Run for your Life! Can Running Help Define your Abs?

Woman athlete running on country road early in morning. Fitness woman sprinting outdoors.

This is a guest post by my friend Sohaib Karim

Can running help you define your abs? Short answer, not only can it help, but cardio is a major contributor in your journey to the chiseled, defined, washboard abs of your dreams.

Unfortunately for most of us, the abs are the hardest part of the body to tone and develop. When people are stressed, the body automatically stores fat in the midsection. Additionally, our poor posture also makes our abdominal muscles lazy and makes your abs turn to flab.

We all know someone (or are the someone) who does crunches and sit-ups religiously in hopes of getting the coveted six-pack. However, doing crunches and sit-ups alone is not a very effective way to develop your abs. To really achieve the holy grail of fitness, you need to integrate cardio with the very best ab workouts. Running is the gold standard of cardio exercises.

Why should you run for Fab Abs?

While any strenuous activity that increases your heart rate and keeps it up constantly for any extent of time is considered a cardiovascular exercise, running is the most easily accomplished? It doesn’t need any special gear or equipment, and you can basically run anywhere.

Running has many benefits for your health in addition to the promise of fabulous abs. Running can increase your lung capacity, improve the strength of your heart muscles, burn fat, reduce excess weight, and just all around improve your mood thanks to all the released endorphins. Running also strengthens your back, which helps your stability. However, most people usually don’t realize the effect running has on your core.

Running makes your core stronger.

Your core or abdominal muscles are comprised of the rectus abdominis, internal oblique, external oblique, and transverse abdominis. We need to work all four muscles to get the perfect abs, and running activates all four of them at the same time. The transverse abdominis, which is the hardest to work, is located the deepest. The best exercise that actively targets the transverse abdominis is running.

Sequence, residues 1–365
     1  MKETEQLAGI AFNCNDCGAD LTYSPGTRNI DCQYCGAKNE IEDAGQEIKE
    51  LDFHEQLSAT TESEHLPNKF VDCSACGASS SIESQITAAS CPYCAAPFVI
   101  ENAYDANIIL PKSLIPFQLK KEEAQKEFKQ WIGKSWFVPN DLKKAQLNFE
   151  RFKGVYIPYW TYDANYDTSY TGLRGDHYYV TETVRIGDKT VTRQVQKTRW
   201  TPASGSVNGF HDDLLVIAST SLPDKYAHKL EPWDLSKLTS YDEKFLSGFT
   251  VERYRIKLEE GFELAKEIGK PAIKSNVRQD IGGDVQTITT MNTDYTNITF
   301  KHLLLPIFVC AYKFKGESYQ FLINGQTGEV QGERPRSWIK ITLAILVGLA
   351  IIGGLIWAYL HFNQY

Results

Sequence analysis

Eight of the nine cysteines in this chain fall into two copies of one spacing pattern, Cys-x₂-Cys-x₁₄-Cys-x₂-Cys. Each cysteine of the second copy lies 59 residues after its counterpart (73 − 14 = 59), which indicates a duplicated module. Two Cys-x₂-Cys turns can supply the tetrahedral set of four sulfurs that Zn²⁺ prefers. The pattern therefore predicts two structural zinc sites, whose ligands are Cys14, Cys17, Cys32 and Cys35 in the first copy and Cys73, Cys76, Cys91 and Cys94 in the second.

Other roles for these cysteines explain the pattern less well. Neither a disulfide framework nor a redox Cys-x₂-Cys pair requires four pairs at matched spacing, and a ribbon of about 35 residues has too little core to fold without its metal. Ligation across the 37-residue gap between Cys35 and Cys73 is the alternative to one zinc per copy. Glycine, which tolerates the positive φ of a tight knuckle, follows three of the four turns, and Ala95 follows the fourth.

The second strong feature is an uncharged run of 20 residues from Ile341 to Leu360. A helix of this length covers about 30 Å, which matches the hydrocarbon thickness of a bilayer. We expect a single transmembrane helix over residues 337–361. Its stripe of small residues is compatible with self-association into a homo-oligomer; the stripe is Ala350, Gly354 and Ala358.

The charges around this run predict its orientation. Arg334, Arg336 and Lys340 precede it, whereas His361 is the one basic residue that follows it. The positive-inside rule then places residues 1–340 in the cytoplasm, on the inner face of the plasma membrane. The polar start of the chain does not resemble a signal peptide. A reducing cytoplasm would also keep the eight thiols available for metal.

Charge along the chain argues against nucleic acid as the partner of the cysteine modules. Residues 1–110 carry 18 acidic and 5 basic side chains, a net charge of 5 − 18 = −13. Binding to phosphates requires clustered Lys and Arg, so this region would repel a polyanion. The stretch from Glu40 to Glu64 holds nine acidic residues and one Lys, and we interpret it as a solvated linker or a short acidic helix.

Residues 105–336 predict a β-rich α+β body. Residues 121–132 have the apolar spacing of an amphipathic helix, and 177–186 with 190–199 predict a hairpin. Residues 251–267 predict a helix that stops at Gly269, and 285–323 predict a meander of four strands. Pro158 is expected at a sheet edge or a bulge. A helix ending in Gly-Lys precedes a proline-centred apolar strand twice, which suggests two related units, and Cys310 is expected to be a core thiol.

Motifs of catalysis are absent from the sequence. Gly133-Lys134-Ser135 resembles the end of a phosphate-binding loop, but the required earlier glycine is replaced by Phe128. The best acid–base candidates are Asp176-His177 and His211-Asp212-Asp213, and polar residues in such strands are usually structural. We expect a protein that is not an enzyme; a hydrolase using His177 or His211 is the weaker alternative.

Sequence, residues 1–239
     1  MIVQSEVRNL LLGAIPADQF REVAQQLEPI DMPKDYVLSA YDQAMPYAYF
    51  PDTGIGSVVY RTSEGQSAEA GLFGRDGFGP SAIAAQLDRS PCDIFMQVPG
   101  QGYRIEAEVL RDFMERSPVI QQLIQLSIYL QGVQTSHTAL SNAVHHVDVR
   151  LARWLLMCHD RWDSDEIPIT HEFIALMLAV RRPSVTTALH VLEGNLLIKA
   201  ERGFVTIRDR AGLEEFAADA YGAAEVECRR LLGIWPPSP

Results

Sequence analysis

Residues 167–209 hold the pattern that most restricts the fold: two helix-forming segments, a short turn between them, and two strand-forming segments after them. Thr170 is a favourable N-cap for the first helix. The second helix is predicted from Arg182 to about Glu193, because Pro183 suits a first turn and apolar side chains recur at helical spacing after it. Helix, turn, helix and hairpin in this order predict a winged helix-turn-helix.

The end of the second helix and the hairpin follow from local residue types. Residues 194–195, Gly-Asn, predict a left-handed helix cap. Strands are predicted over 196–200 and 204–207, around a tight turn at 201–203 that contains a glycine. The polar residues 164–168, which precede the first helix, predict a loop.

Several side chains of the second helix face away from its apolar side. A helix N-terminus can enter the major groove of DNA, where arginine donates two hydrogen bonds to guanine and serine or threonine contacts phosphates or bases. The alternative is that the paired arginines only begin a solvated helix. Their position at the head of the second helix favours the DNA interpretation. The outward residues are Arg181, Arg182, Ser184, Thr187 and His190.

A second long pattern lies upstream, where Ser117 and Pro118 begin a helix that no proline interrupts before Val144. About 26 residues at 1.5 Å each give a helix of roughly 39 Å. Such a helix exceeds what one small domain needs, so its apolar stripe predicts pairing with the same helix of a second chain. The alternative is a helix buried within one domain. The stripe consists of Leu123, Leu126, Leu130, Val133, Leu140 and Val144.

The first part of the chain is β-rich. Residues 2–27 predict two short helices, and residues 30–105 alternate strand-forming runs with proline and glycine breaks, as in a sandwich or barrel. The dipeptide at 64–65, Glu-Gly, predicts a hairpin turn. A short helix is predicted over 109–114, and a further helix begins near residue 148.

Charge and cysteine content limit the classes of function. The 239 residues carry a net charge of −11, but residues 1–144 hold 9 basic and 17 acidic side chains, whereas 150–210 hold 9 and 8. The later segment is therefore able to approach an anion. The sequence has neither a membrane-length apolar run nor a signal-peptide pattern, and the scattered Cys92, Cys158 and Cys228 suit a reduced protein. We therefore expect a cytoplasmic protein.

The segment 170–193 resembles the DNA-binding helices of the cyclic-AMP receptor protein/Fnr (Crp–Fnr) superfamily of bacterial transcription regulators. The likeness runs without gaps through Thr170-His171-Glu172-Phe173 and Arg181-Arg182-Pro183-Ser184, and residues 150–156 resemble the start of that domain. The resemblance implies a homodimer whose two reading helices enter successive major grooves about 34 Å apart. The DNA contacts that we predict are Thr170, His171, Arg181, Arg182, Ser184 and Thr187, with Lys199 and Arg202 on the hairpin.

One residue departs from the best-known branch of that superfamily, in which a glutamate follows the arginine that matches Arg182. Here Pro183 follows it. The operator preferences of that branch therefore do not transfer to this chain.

To add an additional level to strengthen your core, even more, suck in your belly button in towards your spine without holding your breath. This will help you keep your core tight as you run and give you a nice definition to the side of your abdominals.

Running burns fat.

Running increases blood circulation, which helps burn excess fat in your body. The additional blood flow to your abdomen breaks the fat cells in your body that are covering your abdominal muscles. Cardiovascular exercise is essential to eliminate the layer of fat around your abdomen, as well as exercises to tone.

How frequently should I run?

If you are running with the intention and hopes to tone your midsection, you are advised to run at least five times a week for about 20 minutes each.  Just ensure that, like any other form of cardio, you run at alternating speeds so you can give your body the intervals it needs to optimize the cardio.

Can running alone be enough?

Running works all the muscles simultaneously. By virtue of having all your muscles targeted, your body burns fat. Running gives your entire body a great strength and endurance workout. But while running is excellent to take care of the conditioning aspect of toning, you must supplement your running by pairing it with exercises that will help you develop and increase your core strength. With a combination of cardio and targeted ab workouts, your belly will look defined quicker.

Can running hurt my bones and joints?

Running is a high impact exercise. When you run, your spine naturally flexes because of its high impact nature. Every time your spine flexes or bends forward slightly, your abdominal muscles have a small contraction. It is important to engage your transverse abdominis, as it offsets bending forward of the spine and prevents your spine from getting injured.

Joint health should also be a consideration when you start running. Running can potentially bruise your bones or damage your joints if your joint health is not great. Before starting any running regimen, it is important to focus on joint mobility and flexibility. You must stretch before your running so that your muscles are warmed up and ready to go for the physical endurance feat that is running. Stretching and warming up decreases the chances of injury significantly.  You should aim to stretch for about 10 minutes daily regardless of whether you plan on running that day or not.

The fact that running is a healthy activity is no secret. Running can, in fact, enhance and extend your life span by many years. Whether you choose to run to get in your daily cardio, for pleasure, to deal with stress, or for the myriad of health benefits of running, running is a great addition to your daily routine.